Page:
Across the single-tenant marketplace, office and industrial are currently the dominant property sectors in terms of sales volume contribution. With healthcare – a subset of the office sector – playing such an essential role in recent years, along with continued red-hot demand for industrial and logistics space, these sectors have combined to contribute approximately 80 percent of single-tenant property sales volume each quarter for the past four years. This percentage is up from 67 percent just a decade ago. Within the industrial market alone, we’ve seen transaction volume increase from 35 percent of the overall market in 2012 to 52 percent year-to-date 2022, illustrating a significant shift in buyer demand.
Single-Tenant Office Sees Spotty Rejuvenation Post-Pandemic
The single-tenant office sector had an impressive start to the year in 2022. The sector posted more than $8.0 billion in investment sales activity, securing first quarter 2022’s place as the fourth strongest quarter on record. In fact, post-pandemic activity for the office market has led to three of the top-five performing quarters in history. Despite the recent momentum, it wasn’t able to carry over into second quarter 2022, when just $3.8 billion in transactions were logged. Quarter-to-quarter, this represents a 53.1 percent drop in activity, and it’s also the lowest level of sales volume reported since the height of the pandemic.
As is typical, the quarter was dotted with several higher priced transactions including the $205.5 million sale of the former Xerox facility in El Segundo, California, as well as AT&T’s corporate office in the Buckhead submarket of Atlanta that sold for $137 million. However, the highest profile transaction of the quarter was the four-property Meta campus in Silicon Valley that traded for nearly $707 million. Overall transaction count was down, but the vast majority of activity for the quarter involved smaller transactions, primarily under $25 million, with numerous sales falling below the $10-million mark. While this trend isn’t necessarily unusual, especially in the single-tenant sector where many office properties are of smaller size and price point, there was a noticeable absence of larger portfolio closings that have been prevalent in recent quarters.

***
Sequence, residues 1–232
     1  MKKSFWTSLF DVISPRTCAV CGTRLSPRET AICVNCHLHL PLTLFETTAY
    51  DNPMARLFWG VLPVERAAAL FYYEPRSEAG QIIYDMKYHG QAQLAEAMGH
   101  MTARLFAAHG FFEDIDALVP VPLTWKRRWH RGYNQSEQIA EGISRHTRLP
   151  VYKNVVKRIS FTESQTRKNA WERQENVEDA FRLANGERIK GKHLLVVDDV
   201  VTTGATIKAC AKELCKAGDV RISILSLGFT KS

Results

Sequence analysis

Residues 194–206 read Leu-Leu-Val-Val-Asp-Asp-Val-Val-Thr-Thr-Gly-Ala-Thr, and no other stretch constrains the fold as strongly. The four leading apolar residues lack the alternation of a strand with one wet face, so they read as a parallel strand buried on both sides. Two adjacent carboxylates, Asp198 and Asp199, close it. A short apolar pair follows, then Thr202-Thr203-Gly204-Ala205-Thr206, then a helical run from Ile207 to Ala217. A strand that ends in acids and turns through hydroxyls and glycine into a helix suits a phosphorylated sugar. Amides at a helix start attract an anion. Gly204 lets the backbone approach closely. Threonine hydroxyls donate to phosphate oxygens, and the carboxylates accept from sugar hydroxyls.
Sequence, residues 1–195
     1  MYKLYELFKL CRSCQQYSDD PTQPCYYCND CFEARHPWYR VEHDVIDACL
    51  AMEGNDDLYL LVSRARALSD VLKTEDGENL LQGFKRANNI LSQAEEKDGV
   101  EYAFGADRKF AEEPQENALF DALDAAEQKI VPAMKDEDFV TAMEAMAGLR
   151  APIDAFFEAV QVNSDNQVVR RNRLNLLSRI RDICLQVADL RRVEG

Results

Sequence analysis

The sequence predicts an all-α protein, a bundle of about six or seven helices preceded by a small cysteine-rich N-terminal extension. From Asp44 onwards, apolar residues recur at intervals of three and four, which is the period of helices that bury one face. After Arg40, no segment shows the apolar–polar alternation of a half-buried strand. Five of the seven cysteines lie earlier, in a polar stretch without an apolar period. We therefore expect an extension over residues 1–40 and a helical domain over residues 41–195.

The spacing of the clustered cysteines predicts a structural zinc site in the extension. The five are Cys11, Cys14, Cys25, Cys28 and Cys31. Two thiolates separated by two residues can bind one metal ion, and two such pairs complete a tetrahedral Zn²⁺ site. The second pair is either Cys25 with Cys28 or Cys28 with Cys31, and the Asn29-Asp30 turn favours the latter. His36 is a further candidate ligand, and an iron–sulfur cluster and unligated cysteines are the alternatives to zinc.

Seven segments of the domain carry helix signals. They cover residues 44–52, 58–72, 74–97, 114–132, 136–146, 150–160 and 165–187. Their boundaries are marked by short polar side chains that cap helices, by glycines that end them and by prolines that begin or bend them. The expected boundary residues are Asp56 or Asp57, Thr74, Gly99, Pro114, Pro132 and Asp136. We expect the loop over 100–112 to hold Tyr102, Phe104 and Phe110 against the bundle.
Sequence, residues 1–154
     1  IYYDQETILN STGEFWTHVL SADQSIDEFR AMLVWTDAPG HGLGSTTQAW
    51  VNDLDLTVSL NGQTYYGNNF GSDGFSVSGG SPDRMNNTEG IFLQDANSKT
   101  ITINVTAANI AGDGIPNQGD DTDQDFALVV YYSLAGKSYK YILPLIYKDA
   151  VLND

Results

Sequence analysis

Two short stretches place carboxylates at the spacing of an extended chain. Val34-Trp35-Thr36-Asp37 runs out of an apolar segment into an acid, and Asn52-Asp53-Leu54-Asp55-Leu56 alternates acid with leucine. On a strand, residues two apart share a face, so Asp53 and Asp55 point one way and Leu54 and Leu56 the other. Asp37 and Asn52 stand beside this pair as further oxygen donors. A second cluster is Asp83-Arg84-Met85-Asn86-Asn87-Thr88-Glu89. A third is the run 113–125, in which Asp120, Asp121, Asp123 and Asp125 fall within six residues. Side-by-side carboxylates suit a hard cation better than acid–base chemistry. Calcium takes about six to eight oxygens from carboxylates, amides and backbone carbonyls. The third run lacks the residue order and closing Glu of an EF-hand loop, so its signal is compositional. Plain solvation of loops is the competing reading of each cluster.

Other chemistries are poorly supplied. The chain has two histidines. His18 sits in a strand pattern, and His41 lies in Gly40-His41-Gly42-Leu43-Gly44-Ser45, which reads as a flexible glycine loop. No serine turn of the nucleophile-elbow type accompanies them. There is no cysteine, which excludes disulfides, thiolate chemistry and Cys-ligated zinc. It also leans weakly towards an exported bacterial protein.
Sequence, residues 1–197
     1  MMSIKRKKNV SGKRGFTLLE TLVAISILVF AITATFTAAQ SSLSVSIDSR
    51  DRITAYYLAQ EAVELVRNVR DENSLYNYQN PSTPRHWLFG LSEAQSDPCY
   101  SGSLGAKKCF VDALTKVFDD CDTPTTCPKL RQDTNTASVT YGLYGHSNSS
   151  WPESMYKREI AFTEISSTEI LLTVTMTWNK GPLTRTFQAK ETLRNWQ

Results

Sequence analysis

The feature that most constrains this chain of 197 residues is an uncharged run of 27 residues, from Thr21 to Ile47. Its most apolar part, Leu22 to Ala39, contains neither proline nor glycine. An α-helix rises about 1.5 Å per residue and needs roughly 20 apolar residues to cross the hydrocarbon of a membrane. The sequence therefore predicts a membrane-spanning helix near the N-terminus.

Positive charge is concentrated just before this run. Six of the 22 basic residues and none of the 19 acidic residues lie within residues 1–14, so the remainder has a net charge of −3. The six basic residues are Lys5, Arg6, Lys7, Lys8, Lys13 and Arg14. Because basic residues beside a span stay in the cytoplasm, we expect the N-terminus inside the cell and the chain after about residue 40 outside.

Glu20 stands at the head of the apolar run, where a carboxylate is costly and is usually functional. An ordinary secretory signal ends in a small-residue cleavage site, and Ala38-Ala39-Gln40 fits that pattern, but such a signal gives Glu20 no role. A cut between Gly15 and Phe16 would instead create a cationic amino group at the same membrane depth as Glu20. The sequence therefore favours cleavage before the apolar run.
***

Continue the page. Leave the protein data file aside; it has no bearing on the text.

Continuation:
Without these substantial transactions, overall sales activity naturally falls, but it doesn’t necessarily indicate a reduction in buyer demand for the sector. In just the first half of this year, private investors have taken market share away from REITs and institutional investors by being very active in the small deal space. If we study the historic dominant players for single-tenant office properties along the spectrum – from small freestanding facilities to massive corporate offices and campuses – the reduction in sales volume doesn’t feel so surprising.
Could Second Quarter Activity Indicate an Industrial Slow Down?
Industry experts have been suggesting for months that a slowdown is looming for the industrial sector. A number of headwinds continue to impact the market, and investment sales activity in the first half of 2022 has indeed witnessed a decline from recent record-setting periods. In second quarter 2022, the single-tenant industrial sector reported $8.4 billion in transaction volume. This was down 32.2 percent from first quarter 2022, when approximately $12.4 billion in sales were reported. When compared to the astronomically high activity reported at year-end 2021, and studying the $52-billion year as a whole, the industrial sector looks to be significantly off-pace midway through 2022. However, strip out just fourth quarter 2021, and the market is actually performing equal to the five-year trailing quarterly average and outpacing the 10-year average.
Current activity appears to be right-sizing, returning to levels more in-line with a hot, but not overly frothy, market. Additionally, if investment activity doesn’t decline further in the second half of the year, 2022 could easily become the second strongest year on record. As tenants grapple with increasing rents and low vacancy, investors are watching interest rates and inflation, trying to make deals make sense. Part of today’s pullback in sales volume is likely influenced by the repricing of deals as buyers are no longer able to lock in debt at yesterday’s costs. However, with demand still very high and new supply lagging, there is no shortage of bidders on most of today’s offerings.
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